The toolmaker has several choices in forming or shaping mold cavities. Usually a combination of methods is used to produce a finished shape. The typical methods are:
- Conventional Machining
- Computer Numerical Control (CNC )
- Electrical Discharge Machining (EDM)
This involves the production of cavities and cores by a machinist using the engine lathe, milling machine, drill press, and grinders.
Computer Numerical Control (CNC):
A computer programmed and controlled machine tool is used to drive tool motion to produce the desired cavity or core shape.
Electrical Discharge Machining (EDM):
Controlled electrical sparks, from an electrode machined to the desired shape, are used to erode a matching shape into the mold cavity or core steel. The electrode is typically graphite, while the mold steel part is typically submerged in a dielectric fluid.
Hobbing produces a cavity by forcing a hard and polished hob, made in the shape of the molded part, into the mold cavity material. This process eliminates a lot of machining and produces identical, multiple cavities, with a highly polished surface.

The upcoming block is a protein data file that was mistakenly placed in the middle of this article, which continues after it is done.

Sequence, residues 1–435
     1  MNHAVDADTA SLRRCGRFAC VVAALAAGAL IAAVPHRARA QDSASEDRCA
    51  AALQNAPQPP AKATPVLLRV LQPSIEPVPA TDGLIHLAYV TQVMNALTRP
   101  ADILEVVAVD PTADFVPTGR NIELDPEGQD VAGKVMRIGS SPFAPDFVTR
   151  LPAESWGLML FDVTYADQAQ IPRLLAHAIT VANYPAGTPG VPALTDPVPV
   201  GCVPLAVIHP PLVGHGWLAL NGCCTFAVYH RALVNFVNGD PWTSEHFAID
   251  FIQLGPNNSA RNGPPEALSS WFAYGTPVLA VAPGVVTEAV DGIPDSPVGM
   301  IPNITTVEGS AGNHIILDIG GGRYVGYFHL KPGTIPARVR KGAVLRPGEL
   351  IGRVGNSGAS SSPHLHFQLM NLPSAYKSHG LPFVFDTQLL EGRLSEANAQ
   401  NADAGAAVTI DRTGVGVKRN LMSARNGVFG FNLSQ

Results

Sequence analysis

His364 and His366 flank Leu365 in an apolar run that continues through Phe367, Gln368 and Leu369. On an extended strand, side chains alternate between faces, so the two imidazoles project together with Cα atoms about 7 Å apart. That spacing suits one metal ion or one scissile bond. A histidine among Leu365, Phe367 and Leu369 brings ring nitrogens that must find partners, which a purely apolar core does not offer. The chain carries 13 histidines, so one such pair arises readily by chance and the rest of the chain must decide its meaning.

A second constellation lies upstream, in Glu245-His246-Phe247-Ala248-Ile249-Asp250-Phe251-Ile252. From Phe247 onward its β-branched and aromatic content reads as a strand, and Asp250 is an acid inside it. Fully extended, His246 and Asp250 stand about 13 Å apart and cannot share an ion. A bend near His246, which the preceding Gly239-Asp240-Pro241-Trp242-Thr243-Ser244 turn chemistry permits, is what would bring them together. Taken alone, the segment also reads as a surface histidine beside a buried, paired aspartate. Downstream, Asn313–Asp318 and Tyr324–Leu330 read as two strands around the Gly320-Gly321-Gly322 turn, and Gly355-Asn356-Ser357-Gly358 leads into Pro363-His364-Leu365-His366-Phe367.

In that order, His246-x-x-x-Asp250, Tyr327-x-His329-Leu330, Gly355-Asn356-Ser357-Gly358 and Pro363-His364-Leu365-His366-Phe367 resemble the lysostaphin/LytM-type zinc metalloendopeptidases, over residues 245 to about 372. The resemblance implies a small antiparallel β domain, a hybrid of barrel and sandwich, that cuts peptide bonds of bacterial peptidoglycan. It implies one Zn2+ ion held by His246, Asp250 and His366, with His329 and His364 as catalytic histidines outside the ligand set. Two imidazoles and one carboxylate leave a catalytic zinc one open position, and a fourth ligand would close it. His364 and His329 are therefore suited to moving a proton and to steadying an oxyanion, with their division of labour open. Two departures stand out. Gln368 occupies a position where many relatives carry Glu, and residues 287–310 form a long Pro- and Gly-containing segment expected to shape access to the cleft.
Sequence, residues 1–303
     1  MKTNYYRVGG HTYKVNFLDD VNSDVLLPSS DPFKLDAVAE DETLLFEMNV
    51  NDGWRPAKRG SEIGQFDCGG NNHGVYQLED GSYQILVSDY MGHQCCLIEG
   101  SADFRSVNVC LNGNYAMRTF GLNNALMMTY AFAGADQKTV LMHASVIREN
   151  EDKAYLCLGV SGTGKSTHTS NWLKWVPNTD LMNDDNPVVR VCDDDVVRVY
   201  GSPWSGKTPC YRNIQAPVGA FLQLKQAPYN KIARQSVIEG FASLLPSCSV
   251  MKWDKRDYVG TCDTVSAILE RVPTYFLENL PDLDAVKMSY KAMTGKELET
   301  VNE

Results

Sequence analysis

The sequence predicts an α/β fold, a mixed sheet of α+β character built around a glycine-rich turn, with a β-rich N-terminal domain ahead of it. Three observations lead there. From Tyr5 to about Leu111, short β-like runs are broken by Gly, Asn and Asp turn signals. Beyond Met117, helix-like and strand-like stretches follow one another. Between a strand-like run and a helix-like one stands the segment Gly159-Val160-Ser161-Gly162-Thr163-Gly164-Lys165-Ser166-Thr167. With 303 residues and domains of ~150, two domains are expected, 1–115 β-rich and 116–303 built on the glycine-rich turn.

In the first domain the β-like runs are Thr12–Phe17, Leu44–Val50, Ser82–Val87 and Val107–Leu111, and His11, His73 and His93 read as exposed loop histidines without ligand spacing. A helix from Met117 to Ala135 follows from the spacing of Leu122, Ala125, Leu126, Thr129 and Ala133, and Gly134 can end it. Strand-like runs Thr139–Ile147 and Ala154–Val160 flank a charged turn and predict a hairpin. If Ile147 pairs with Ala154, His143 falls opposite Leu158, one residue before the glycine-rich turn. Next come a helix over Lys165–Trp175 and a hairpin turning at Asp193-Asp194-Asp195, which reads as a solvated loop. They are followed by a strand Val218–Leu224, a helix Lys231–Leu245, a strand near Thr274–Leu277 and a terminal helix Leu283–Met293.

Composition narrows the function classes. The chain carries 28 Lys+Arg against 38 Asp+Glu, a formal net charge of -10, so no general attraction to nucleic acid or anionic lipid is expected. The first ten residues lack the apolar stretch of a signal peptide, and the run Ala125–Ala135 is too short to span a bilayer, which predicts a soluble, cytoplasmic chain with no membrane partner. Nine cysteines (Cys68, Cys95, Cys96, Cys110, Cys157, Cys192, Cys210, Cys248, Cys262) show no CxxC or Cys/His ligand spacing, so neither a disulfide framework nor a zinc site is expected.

A variety of casting methods have been developed to produce cavities or cores.
This method is used to produce cavities or cores where accurate surface reproduction is needed such as a wood or leather grain effect.
Cavities and cores can also be made by casting materials such as beryllium copper. The molten alloy can be poured over a hard, polished master, and pressure applied until the metal cools to the desired shape.
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